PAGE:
Architectural model, ‘Darling Harbour casino competition

Made 1986

The Harry Seidler entry to the Darling Harbour Casino Competition is significant beyond its value as an artefact of Seidler’s architecture.

Although largely forgotten, the casino competition was an essential element of NSW Premier Neville Wran’s plans for the redevelopment of the Darling Harbour precinct. The casino and hotel were to create much of the financial basis for the new urban park and its cultural, retail and lifestyle elements. Its demise did not halt the new development but signif...


Architectural model,'Darling Harbour Hotel Casino Competition', plastic/paper, designed by Harry Seidler and Associates, made by Arcmod Models Pty Ltd, Sydney, 1986.

Model of Casino building located within complex of terraces and other buildings on its harbour site.


415 mm
750 mm


Designed by Harry Seidler and Associates, Sydney, 1986. Not built.
The design was in response to the NSW State Government's invitation calling for casino proposals on publicly owned land. It was prepared for the New York entrepreneur Donald Trump and local developer Lend Lease.
From 'Harry Seidler' by Kenneth Frampton and Philip Drew, Thames and Hudson, 1992

Made by Bob Brown of Arcmod Models Pty Ltd, Winston Hills, Sydney.

Harry Seidler (1923-2006) was born in Vienna and fled Nazism via England, Canada and the USA where at Harvard University he was a student of Walter Gropius and Marcel Breuer. Seidler visited Sydney in 1948 to design a home for his parents. His intended return to the USA was halted by numerous requests to design houses similar to Rose Seidler house.

Seidler was one of a generation of new arrivals who internationalised an Anglophile outpost. Another was Dutch engineer Dick Dusseldorp who engaged Seidler to design numerous projects for his Lend Lease construction company. Among these were sophisticated but affordable apartment blocks which lent glamour and liveability to inner city living. Others included major urban redevelopments designed around office towers; Australian Square was the first of these. Seidler also found success internationally, his Australian Embassy in Paris the best-known of several off-shore commissions.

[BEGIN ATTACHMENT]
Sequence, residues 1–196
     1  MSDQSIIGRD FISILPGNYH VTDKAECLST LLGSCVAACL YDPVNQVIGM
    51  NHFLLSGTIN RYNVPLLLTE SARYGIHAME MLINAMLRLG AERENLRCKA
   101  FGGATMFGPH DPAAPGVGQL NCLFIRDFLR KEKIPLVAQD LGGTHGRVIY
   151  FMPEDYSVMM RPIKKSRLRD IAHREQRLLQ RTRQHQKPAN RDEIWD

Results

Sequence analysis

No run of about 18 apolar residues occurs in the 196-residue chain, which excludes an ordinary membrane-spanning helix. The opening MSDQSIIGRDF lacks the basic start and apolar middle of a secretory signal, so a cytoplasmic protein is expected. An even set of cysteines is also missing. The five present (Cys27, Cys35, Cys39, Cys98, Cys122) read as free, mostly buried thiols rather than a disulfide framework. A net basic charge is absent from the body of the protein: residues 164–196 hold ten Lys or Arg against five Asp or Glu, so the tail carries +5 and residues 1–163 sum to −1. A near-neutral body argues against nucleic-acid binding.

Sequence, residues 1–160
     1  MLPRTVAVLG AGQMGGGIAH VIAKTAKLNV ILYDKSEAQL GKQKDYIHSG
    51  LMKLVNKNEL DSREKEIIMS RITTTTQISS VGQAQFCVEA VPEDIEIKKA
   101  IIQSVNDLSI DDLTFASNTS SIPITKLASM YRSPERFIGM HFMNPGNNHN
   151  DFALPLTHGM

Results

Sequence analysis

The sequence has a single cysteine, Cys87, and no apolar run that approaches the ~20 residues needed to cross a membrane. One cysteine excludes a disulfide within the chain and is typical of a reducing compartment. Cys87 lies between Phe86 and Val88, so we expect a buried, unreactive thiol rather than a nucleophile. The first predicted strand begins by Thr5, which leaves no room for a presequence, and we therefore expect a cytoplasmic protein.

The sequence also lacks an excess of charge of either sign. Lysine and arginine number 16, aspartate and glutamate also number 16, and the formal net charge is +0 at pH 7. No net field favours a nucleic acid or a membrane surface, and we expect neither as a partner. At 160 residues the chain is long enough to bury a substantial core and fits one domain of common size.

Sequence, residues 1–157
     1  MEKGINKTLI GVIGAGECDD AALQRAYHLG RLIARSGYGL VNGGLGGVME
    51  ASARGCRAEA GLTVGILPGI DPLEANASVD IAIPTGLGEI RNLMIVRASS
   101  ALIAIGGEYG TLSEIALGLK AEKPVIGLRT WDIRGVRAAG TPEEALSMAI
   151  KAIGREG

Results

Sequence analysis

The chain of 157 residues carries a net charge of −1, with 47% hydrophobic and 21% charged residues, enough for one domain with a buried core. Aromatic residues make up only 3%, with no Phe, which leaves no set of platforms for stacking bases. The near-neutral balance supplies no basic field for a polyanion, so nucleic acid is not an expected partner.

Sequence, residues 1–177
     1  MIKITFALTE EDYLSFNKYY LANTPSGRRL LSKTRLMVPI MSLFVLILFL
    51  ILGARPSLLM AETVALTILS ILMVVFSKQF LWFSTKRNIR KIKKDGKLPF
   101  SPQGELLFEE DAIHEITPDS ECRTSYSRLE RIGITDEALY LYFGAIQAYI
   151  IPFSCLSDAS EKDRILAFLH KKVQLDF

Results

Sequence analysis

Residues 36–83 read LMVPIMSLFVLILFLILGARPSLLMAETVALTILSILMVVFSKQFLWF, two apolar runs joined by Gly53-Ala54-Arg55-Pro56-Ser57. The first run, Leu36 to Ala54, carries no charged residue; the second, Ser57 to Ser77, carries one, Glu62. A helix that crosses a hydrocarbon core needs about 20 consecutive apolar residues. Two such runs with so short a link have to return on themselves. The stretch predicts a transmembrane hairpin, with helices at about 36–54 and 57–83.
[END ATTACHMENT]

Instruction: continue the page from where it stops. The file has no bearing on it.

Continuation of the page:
No architect has had a greater impact on Sydney through both his own work and its influence on others. Although Harry Seidler's Modernism was shaped by Europe and the US, Sydney also formed his work and his social presence. Often caricatured as a doctrinaire modernist, Seidler tailored most of his work to Sydney’s climate and topography. Some of his best buildings – Blues Point Tower, Australia Square to name but two - were also his most controversial. As a polemicist, Seidler was less compromising but Sydney’s urban culture benefited from his scorn of the second-rate in design and decision-making. His donation of this model, among others, was typical of his generosity to the Powerhouse and the arts community.

In addition to numerous awards received locally, such as the Royal Australian Institute of Architects Gold Medal, in 1996 Seidler was the recipient of the Royal Institute of British Architects Gold Medal.

Cite this Object

Architectural model, 'Darling Harbour casino competition 2016, Museum of Applied Arts & Sciences, accessed 19 November 2017, <>
{{cite web |url= |title=Architectural model, 'Darling Harbour casino competition |author=Museum of Applied Arts & Sciences |access-date=19 November 2017 |publisher=Museum of Applied Arts & Sciences, Australia}}
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